Rotkohl [Traditional German Red Cabbage]

With a ridiculously simple preparation and only eight ingredients this flavourful side dish is a German winter favourite. Naturally vegan, gluten-free and paleo Rotkohl comes packed with vitamins and minerals for a healthy low-calorie dish to accompany any main.

Having talked about this classic German winter dish for many times before I figured it was high time to share the recipe. And I had every intention of doing so on Monday, right in time with the meteorological start of winter. But …


What to avoid when you’re a blogger and intend on posting during Christmas week:

Not get sick.

Plan ahead [all those posts saying you need an editorial calendar have a purpose …].


Any guesses as to my situation up until today? Right. Teary-eyed sick with a recipe made but yet to be photographed and no post written. Luckily, I’m feeling slightly better today. Okay, now that we finished the long-winded intro/blogger no-do’s/why I should write blog posts way in advance [like every other blogger?!]  let’s talk traditions.

Mother’s Day? Just another Sunday for my family.

Easter? Not a single [chocolate or candy] egg to be found in our house.

Christmas? No tree for the second time, hardly any decorations up and we’re not sending Christmas cards [but do gift homemade cookies to friends].


It’s safe to say my family errs on the untraditional side when it comes to the holidays. The food part of Christmas dinner, though? That’s where we have our traditions.

A little story time: Unlike traditional American Thanksgiving where pretty much the whole country agrees what has to appear on the table – turkey/Tofurkey, mashed potatoes, cranberry sauce and stuffing – hardly two German families in a neighbourhood will eat the same Christmas dinner. For some families “Weihnachtsgans” [Christmas duck], others need their fish and then again there are people considering – believe it or not – potato salad and sausages THE dish. Usually, my family is in the Christmas duck camp [aside from me and any other vegetarians in the family obviously]. Not this year but it will be an unusual one to begin with. The sides? Up for discussion. Aside from the one can’t-miss dish that’s the secret star on the menu: Rotkohl.


No matter what’s your main – meat, vegetarian or vegan roasts – this easy cabbage dish makes a great side for everything. Serve it with your main of choice, mashed potatoes and optional gravy and have yourself a merry little Christmas. Or just a wonderful winter day because there’s still the whole season to enjoy this.


For the nutrition nuts among us or those skeptically eyeing the ¼ cup of sugar in this recipe: it’s still healthy to boost. One cup of chopped red cabbage packs in 85% of the daily value of vitamin C, 20 % of the vitamin A recommendation and it’s also high in potassium. And I don’t need to tell you that an apple a day keeps the doctor away, right?! See: healthy.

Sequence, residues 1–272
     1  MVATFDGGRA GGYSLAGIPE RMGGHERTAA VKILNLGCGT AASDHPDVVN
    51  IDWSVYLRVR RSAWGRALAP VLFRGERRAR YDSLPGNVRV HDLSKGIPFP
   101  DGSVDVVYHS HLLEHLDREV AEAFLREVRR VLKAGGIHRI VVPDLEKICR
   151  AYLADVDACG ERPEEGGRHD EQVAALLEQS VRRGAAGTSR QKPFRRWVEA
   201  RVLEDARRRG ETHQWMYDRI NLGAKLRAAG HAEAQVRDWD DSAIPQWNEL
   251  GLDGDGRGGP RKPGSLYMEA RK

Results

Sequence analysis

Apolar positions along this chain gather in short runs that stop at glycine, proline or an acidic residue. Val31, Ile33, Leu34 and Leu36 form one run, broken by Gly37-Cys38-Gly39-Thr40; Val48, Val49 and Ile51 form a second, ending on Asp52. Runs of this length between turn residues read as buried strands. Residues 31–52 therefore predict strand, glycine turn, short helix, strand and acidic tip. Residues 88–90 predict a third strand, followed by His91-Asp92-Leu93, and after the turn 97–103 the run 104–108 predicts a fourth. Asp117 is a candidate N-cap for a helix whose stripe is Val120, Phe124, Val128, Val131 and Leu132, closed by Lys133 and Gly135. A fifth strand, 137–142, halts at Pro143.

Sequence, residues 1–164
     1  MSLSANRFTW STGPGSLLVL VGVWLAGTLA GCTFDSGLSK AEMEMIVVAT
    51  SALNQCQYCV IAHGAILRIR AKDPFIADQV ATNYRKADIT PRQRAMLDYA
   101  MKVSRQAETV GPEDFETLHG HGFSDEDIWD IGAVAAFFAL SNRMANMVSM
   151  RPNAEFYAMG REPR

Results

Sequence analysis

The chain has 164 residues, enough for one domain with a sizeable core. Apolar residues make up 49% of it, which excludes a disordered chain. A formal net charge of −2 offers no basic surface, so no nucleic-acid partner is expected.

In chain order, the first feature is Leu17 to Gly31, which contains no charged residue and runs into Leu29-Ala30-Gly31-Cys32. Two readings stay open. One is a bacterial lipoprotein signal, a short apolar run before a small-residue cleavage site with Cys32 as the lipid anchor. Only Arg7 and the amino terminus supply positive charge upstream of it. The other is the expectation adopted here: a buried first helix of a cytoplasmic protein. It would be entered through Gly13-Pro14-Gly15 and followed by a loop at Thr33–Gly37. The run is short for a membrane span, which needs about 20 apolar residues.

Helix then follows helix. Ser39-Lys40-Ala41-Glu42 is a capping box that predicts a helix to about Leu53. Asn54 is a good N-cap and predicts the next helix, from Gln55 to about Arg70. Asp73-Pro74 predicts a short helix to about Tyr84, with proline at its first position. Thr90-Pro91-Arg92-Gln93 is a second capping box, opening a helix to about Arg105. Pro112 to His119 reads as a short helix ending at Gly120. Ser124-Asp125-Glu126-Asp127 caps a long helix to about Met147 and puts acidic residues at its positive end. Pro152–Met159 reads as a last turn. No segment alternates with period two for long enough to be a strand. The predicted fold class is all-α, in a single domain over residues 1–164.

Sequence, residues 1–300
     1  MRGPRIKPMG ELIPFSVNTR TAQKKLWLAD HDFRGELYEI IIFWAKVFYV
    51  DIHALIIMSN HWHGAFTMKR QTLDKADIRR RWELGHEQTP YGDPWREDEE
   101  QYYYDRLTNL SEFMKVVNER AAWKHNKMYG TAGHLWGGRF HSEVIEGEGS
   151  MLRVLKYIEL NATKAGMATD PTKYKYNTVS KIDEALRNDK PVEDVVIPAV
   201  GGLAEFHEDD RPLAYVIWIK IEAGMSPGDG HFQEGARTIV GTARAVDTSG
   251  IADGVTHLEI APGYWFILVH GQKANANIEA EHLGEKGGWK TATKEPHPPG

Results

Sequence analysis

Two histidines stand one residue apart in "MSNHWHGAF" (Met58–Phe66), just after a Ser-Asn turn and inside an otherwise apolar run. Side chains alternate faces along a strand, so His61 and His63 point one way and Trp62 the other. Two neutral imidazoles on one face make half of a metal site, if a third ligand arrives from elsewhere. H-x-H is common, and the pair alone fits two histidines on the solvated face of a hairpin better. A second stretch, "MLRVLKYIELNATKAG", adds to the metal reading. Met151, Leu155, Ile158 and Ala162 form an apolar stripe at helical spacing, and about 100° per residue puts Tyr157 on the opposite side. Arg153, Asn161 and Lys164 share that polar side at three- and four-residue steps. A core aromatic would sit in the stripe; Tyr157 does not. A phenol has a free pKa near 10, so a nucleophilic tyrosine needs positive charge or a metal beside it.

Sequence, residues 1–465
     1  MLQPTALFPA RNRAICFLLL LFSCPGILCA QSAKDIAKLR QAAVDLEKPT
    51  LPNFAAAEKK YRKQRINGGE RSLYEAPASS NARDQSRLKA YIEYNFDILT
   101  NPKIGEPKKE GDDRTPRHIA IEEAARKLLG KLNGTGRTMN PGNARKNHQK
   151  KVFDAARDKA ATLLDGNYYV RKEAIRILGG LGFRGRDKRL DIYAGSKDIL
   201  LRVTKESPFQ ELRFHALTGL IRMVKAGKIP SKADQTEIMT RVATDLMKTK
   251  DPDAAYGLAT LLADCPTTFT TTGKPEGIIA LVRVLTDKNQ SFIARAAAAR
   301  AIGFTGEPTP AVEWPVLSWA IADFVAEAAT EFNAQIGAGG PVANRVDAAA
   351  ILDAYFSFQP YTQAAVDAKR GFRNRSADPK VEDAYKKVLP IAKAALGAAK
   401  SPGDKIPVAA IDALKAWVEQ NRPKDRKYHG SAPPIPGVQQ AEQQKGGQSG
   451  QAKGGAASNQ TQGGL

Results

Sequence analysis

German Rotkohl/Red Cabbage

  • 1 medium head red cabbage, sliced [ours weighed about 2.9 lbs/1.3 kg pre-cleaning]
  • 2 medium tart apples [I used Boskoop; about 330 g, peeled and chopped roughly
  • 1 medium white onion, sliced
  • 100 ml/ [about ½ cup minus 1 tbsp] white vinegar
  • 100 ml unsweetened apple juice
  • ¼ cup of sugar [paleo: use a sweetener you find with your diet]
  • ¾ tsp ground caraway seed
  • Pinch of ground cloves
  • 2 scant tsp salt
  1. Chop the red cabbage finely or shred it in a food processor.
  2. Alternating cabbage, onions and apples, layer in a pressure cooker.
  3. Mix vinegar, apple juice, sugar and spices and poor on top. Using your hands, mix all ingredients. No need to be super
  4. Cook according to your pressure cooker’s manual. Once maximum pressure is reached, turn off the heat, don’t open the lid and let the cooker sit until



  1. This freezes very well which is great seeing as it makes a large batch [unless you’re a hungry German family …].
  2. While I prepared my Rotkohl in  a pressure cooker you can also use a Dutch oven or regular pot. You’ll need to let it simmer for longer but will get the same delicious result.
  3. One of my grandma’s ‘secrets’ for making this already delicious dish over-the-top amazing is adding some of her homemade currant jelly. Store-bought should work just fine as well.
  4. Just like there are many different Christmas traditions, there are dozens if not hundreds of different recipes for Rotkohl, also called Blaukraut in certain regions of the country. In fact, I think every family might have their own which is – obviously – the best and only.

I’m sharing this recipe with Gluten-Free Tuesdays, Strange but good,  Gluten-Free Wednesdays, Recipe of the Week, Allergy-Free Wednesdays and Tasty Tuesdays.

While I talk a lot about Christmas here  this dish isn’t just for the holidays  a perfect fit for the whole season. So if you’re looking for a new way to eat your vegetables and vitamins this winter – give it a try!


Happiness-inducing today: My sister and her husband arriving at our house. They’ll leave on 25th again already but any time spent with family is better than none.


Have you ever had Rotkohl?

Does you family follow through with traditions or make up their own?

What’s on your menu for Christmas this year?